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Artists Studio Tour Offers Unexpected Bonuses
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Sunday, August 29, 2021
 

STORY AND PHOTOS BY KAREN BOSSICK

E.J. Harpham reached into one of four kilns sitting in her four-room ceramic studio and pulled out a large bowl suitable for a large centerpiece table in someone’s Great Room.

Then she reached in and pulled out a platter, another giant bowl and still another bowl

“It’s called stacking,” she said, happy that each dish had turned out perfect.

Harpham is among 21 local artists taking part in the Wood River Artists Open Studio Tour that continues from 11 a.m. to 5:30 p.m. today—Sunday, Aug. 29.

The tour runs the gamut of the valley from Harpham’s studio south of Bellevue to MaryBeth Flower’s lovely home on the Big Wood Golf Course at Ketchum’s north end.

And it offers unexpected bonuses beyond the art. Not only does the drive to Harpham’s studio take you past small farms lined with sunflowers but a tour of her studio offers visitors a chance to walk through an oasis in the middle of the Idaho desert with a lovely pond fed by a waterfall, a homemade swing overlooking Poverty Flats and a colorful flower and vegetable garden that shows no signs of quitting no matter what the calendar says.

The road to Sally Metcalf’s studio on Robin Hood Drive in Hailey showcases trees that are putting on their red fall wardrobe. And Judy Whitmyre’s studio on Canyon Run Drive in Ketchum offers a view of Devil’s Bedstead that you probably haven’t seen elsewhere.

Those who toured the studios on Saturday might have found Lisa Holley painting her newest portrait in her animal series with her 1-year-old dog Winslow sitting on her lap as she worked.

The new portrait, which features a frog being teased by two spider monkeys, was inspired by Holley’s trip to Brazil next year with her granddaughter who is studying zoology in hopes of becoming a geneticist.

“I’ve learned that spider monkeys are very playful—they even tease lions and tigers. And each monkey’s tail is different—like our thumbprints,” she said.

Christina Healy’s husband amiably offered visitors at his home in  the Heatherlands three types of wine and mimosas as Healy showed her one-of-a-kind necklaces to dozens of tour-goers. Even her house was a feast for the eyes with the many artifacts she’s collected on her travels around the world mixed in with ibis horns and other depictions of nature.

Mark Sheehan showed the metalworks studio in Bellevue where he’s created many of the valley’s artistically crafted fireplace screens, as well fine art wall hangings.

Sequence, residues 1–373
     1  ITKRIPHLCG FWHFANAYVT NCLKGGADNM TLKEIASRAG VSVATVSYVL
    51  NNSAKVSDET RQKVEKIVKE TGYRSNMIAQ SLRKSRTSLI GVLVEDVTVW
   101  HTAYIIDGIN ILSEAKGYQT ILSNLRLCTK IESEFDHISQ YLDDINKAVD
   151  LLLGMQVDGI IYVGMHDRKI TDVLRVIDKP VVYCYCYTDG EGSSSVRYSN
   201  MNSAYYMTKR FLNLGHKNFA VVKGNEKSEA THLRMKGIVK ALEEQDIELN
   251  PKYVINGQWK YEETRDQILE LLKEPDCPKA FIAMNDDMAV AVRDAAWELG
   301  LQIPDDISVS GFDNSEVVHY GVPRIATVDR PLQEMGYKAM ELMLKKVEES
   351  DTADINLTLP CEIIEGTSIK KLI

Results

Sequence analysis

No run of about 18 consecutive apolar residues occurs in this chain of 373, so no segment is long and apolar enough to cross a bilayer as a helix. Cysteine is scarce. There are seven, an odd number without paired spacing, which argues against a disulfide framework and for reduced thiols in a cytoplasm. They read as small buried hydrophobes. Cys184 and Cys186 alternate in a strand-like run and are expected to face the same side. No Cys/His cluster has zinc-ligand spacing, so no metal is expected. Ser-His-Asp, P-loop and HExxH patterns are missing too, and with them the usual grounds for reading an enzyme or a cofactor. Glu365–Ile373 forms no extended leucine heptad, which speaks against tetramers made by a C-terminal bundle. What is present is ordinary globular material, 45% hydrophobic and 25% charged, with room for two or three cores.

And Anne Jeffery set up a makeshift studio in Harpham’s garage to show visitors how to layer one photo atop another using photoshop.

“You start with a blank canvas, then move a picture of clouds onto it. Find a picture of a tree,” she said, grabbing a picture of a Tasmanian tree. “Let’s make it smaller. Then let’s duplicate it to add another tree and flip it so it doesn’t look like the first tree. Now let’s add a butterfly between the two trees…”

She finished it off with a field of blue camas. Most people would have been done at that point. But Jeffrey will spend weeks fine tuning it until it meets her standards.

One only needed to look at the art on the tour to realize that these are not the velvet Elvis artists seen in some resort towns. Holley, for instance, will be featured on the Audubon Society’s website the week of Oct. 25.

Karen Jacobsen was formerly an underwater illustrator, making scientific illustrations from a submarine at the bottom of the ocean. And Kathy Marsh Riedinger has a long list of awards on her resume, including an Award for Excellence from the Oil Painters of America.

Harpham has also won her share of awards, and her scrapbooks are full of accomplishments one hardly imagine, including the massive Lady of Guadalupe mural she created for Our Lady Queen of Angels Church in Los Angeles.

On Saturday, however, she was happy to show her smaller accomplishments from gorgeous ceramic sinks sporting trout to coasters depicting bicycles, horses and fish and tile work for bathrooms. She showed how she etched wet clay and she showed how she presses sand dollars or hand stamps of pine boughs that she’s drawn into her clay to create a three-dimensional look to her ceramic pieces.

And she was equally delighted to show off the new luxury vinyl floor she installed in her workspace, which, in addition to being waterproof and easy to clean, allows her to have all her work tables and storage shelves on wheels.

She picked up a beautiful ceramic sink sporting a hand painted red rooster.

“How many times have you seen a rooster on a sink?!” she exclaimed. “Maybe I’ll try a dragon next!”

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